Torrance thus focuses the power of the active/passive obedience by drawing out the importance of the hypostatic union. He is then able to give a much more ontological interpretation of the active and passive obedience than the CRV, as well as avoid over-reliance on the identification of Jesus and Israel as Wright does. Wright also doesn’t have the ontological force that Torrance has, perhaps because Wright is generally anxious to avoid things like the hypostatic union (a modified Hellenization thesis lurks here). While Wright argues that the declaration of being ‘in the right’ really does make someone ‘in the right’ he is unable to easily account for any aspect of transformation that Torrance can easily encompass.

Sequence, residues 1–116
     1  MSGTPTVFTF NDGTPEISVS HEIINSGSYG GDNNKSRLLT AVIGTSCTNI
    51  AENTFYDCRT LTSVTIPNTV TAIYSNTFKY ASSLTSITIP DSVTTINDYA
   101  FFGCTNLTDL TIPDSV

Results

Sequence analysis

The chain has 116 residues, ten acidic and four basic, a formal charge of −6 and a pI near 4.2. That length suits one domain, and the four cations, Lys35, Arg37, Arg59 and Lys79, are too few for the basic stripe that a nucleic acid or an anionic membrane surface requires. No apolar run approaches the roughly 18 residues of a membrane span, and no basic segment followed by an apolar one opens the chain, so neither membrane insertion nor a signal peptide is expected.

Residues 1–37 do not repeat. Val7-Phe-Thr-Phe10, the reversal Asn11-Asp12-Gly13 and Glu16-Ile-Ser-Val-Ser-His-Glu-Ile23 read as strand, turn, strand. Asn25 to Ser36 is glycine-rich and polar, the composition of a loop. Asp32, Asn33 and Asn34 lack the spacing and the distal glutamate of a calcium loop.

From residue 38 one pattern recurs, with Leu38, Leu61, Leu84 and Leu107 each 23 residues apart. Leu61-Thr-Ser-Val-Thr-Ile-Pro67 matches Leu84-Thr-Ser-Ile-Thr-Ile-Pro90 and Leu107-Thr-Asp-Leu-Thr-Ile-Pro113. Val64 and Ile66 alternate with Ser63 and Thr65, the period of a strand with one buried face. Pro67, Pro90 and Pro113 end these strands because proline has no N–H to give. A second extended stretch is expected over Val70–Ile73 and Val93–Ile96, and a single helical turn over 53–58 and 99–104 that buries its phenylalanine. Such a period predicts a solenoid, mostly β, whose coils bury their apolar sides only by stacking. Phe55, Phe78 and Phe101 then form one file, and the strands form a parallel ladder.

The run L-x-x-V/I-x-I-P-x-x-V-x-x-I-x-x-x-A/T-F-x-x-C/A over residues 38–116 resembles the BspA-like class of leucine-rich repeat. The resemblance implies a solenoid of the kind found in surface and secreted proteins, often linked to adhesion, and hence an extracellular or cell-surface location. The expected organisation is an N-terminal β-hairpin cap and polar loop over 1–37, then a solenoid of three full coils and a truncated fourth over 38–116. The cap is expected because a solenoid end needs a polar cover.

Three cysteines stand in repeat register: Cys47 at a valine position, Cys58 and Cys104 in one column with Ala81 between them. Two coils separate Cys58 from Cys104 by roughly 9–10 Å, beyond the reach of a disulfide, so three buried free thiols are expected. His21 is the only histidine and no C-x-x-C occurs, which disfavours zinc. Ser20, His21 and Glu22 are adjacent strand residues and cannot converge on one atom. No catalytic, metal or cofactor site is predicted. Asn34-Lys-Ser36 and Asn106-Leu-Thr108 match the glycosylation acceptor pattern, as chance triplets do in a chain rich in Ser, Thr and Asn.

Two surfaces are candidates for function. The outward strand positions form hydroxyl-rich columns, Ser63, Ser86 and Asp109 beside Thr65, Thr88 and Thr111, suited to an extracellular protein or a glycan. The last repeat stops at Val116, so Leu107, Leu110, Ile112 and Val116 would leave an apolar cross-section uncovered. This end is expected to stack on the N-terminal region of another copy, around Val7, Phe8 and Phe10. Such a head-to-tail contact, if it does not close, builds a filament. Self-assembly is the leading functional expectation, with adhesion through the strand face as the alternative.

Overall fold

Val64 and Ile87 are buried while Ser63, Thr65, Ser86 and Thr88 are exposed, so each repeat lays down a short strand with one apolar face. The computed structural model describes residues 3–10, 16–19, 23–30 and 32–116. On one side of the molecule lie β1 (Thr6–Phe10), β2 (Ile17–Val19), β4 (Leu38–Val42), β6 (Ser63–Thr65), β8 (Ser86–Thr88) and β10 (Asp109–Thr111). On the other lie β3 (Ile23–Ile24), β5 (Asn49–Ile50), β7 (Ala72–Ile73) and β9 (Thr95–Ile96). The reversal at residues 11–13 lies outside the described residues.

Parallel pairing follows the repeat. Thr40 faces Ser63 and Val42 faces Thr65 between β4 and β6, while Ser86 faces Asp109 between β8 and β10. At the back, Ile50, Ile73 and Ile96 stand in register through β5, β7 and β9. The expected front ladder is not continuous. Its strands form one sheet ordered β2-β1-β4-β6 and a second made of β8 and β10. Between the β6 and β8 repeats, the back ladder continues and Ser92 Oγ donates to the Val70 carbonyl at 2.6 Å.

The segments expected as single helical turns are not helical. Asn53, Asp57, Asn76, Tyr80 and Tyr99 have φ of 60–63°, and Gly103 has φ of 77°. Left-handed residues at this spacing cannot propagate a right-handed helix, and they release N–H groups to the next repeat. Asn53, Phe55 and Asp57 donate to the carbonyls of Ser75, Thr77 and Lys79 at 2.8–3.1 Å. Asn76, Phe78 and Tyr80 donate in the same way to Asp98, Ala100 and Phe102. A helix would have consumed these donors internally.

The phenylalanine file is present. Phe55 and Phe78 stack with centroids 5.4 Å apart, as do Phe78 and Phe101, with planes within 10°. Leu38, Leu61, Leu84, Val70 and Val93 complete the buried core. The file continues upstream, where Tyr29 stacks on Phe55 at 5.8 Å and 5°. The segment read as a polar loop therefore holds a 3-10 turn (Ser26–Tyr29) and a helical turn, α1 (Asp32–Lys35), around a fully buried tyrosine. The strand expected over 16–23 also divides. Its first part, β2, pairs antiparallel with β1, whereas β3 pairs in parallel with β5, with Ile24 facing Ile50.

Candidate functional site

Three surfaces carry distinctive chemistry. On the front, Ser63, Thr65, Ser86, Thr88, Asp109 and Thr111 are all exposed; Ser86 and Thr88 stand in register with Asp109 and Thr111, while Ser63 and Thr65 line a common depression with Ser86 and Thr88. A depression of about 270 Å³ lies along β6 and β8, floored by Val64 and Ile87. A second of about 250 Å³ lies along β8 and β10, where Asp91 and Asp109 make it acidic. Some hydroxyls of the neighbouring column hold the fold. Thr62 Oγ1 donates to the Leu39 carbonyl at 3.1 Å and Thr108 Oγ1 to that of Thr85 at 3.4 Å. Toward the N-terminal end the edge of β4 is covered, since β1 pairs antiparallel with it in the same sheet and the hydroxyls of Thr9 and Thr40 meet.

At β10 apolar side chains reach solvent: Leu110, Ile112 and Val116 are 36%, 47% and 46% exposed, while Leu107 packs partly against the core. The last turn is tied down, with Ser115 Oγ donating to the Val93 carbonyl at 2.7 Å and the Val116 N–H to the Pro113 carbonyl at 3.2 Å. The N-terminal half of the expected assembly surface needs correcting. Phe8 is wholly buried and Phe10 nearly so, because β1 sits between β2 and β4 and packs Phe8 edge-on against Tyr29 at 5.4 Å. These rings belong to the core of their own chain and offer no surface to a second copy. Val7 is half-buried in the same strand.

Thus, in conclusion: in Wright, the Reformers and T.F. Torrance, there is a clear conviction that Christ’s life must be lived for us. The Reformers insisted on it, even though their reasons should perhaps be scrutinized. Wright avoids the perfect-obedience-demand and retains the vicarious humanity that the Reformers argued for, but at the expense of relying on a shaky thesis of identification between Jesus and Israel. By bringing Torrance into conversation with the CRV and Wright, the conviction of the vicarious humanity is preserved while the ontological force is focused in virtue of Torrance’s insistence on the importance of the hypostatic union. In all three, we see the importance of Christ’s active and passive obedience: a life truly lived for us.